No Democrat has confirmed plans to run in IA-01, but State Senator Liz Mathis is thinking seriously about it and may announce her decision soon.


Representative Mariannette Miller-Meeks didn’t improve on her first-quarter fundraising totals, but still had a solid quarter for an off-year. Total receipts from April through June were $494,882.12, down about $55,000 compared to the first quarter. The intake included $250,860.43 in contributions from individuals (down nearly $90,000 compared to the first quarter), $127,600 from conservative or corporate PACs (nearly double the number from the first quarter), and $114,847.69 in transfers from other committees (up by around $42,000).

Ten donors have maxed out to the campaign, including several who also gave $5,800 to Hinson (such as Frank Brownell and Pete Brownell). The rest of Miller-Meeks’ individual contributors could give again.

The incumbent is running a relatively lean operation. Her campaign reported $95,313.53 in total disbursements during the second quarter, way down from the 1Q total that included legal costs associated with the disputed election result in IA-02. Operating expenses totaled $42,735.67, with fundraising consulting, direct mail, and compliance consulting accounting for the largest line items. Miller-Meeks also gave $32,761.00 to the National Republican Congressional Committee, which spent more than $3.8 million on the 2020 race in IA-02. (Hinson’s campaign gave the NRCC $55,000 earlier in the year but nothing during the second quarter.)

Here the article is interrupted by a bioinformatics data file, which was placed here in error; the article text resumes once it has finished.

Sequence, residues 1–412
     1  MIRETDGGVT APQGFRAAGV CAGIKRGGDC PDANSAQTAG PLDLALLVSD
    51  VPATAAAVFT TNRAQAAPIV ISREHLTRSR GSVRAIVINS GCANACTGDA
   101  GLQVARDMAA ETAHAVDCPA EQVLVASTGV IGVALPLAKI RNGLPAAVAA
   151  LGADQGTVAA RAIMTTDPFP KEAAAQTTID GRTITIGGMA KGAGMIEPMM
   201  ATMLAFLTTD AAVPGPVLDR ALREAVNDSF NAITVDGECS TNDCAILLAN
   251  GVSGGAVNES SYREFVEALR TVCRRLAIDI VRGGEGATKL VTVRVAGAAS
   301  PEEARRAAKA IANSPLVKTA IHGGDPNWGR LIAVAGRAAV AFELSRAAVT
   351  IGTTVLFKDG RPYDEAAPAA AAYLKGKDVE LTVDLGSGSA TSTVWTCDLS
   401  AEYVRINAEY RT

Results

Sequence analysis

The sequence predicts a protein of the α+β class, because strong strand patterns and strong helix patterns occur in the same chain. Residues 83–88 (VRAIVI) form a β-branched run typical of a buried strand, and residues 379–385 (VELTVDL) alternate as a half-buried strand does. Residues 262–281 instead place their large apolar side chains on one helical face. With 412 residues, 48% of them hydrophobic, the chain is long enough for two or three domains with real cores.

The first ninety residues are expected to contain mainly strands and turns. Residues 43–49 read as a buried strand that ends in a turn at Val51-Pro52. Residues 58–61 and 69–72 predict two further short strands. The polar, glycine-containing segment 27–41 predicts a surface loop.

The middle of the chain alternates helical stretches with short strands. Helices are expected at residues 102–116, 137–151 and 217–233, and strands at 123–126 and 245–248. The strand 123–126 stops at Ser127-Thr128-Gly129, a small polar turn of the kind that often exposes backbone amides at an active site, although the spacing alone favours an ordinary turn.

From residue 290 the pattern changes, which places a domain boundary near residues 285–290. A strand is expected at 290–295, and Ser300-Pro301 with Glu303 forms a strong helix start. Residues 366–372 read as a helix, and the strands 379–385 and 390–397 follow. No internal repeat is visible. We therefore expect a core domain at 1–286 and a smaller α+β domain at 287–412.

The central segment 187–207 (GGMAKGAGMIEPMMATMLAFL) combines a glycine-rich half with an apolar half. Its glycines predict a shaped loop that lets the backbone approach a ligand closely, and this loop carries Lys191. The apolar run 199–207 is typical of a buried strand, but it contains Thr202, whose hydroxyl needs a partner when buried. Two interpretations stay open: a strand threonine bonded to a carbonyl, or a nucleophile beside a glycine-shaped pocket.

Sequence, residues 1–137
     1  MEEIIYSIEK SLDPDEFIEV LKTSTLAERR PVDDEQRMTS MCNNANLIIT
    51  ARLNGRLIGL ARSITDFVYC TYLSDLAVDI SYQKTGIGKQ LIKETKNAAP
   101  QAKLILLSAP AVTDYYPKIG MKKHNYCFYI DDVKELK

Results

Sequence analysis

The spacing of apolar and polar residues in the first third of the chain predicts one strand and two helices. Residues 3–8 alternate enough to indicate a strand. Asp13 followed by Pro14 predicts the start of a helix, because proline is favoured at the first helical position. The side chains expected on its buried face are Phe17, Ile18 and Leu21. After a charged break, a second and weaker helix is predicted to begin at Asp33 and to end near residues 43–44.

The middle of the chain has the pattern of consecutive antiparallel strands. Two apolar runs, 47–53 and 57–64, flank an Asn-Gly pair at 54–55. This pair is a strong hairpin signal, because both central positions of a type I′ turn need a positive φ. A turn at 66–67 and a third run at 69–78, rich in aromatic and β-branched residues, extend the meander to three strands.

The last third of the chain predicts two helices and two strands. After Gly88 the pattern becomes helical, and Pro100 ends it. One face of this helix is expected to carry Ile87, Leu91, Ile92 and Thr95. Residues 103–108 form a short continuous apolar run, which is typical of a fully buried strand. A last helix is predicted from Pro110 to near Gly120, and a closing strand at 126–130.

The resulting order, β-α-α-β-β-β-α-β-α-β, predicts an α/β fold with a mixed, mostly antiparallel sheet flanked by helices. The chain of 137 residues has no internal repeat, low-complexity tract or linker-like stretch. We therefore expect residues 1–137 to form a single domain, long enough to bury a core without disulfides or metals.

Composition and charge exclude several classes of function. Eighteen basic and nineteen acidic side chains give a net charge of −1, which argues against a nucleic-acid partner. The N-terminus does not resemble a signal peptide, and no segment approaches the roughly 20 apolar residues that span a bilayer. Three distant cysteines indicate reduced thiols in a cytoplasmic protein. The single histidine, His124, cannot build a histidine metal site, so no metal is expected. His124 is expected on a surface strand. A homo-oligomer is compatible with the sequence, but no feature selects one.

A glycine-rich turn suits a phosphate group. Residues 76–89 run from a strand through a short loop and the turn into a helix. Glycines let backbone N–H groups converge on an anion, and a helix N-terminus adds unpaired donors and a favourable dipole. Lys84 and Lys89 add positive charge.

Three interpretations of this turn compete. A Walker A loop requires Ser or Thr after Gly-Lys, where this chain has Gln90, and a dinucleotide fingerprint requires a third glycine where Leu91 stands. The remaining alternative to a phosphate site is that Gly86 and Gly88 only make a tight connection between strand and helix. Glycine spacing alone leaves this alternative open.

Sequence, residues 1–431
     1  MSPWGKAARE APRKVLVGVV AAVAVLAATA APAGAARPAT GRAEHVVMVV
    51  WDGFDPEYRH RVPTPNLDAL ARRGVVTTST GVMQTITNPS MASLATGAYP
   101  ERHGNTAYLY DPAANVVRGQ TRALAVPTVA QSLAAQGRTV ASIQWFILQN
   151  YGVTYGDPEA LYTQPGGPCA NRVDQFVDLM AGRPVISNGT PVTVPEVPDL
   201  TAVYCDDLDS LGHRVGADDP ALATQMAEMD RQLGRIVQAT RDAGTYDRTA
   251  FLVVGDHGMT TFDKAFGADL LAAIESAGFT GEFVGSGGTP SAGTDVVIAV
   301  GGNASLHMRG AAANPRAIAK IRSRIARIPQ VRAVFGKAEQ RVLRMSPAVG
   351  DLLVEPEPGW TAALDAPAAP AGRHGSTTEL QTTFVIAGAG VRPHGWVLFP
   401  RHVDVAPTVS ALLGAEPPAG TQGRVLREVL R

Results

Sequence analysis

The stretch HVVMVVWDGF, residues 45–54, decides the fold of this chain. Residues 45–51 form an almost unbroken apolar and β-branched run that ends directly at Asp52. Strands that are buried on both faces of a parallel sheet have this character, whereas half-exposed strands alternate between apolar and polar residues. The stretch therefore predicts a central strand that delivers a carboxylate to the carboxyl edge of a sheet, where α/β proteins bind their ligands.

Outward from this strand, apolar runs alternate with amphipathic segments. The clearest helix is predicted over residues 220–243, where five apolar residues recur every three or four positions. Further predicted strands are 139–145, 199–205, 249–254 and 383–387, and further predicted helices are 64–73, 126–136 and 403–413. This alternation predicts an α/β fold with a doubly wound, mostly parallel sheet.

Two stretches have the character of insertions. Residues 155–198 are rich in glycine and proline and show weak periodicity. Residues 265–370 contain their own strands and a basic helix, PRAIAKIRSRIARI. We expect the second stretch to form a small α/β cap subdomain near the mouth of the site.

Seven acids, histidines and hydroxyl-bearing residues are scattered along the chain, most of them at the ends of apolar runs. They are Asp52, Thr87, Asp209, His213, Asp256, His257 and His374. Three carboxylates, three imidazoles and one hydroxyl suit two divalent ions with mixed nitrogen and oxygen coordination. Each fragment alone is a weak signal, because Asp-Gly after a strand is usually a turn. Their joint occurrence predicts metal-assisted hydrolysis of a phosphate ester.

Due to her lower burn rate, Miller-Meeks ended the quarter with more cash on hand than Hinson: $1,174,066.38 as of June 30. The campaign still owes $186,500 on loans the candidate made during the 2020 cycle.

To my knowledge, no Democrat has confirmed plans to run in IA-02. Presumably the prospective candidates are waiting to see how Iowa’s new political map pans out.


Representative Cindy Axne, the lone Democrat in Iowa’s Congressional election, hasn’t let up on fundraising while she considers whether to run for a third term in 2022 or for another office (most likely governor).

From January through March, her campaign raised $504,576.73 in contributions, of which about 80 percent ($398,075.73) came from individuals and $106,501 came from political committees (mostly Democratic, progressive, or labor PACs). After spending $109,805.67 on operating expenses, such as staff salaries and various kinds of consulting, Axne ended the first quarter with $464,691.97 cash on hand and $24,646.04 in unpaid bills for video production.

Axne’s fundraising picked up in the second quarter. Her latest FEC filing shows $701,808.35 in contributions, about 85 percent ($598,407.35) from individuals and $103,401 from PACs. Looking through both quarterly filings, I counted 45 people who have contributed the maximum $5,800 to the campaign for the 2022 cycle. All the other individual donors could give again.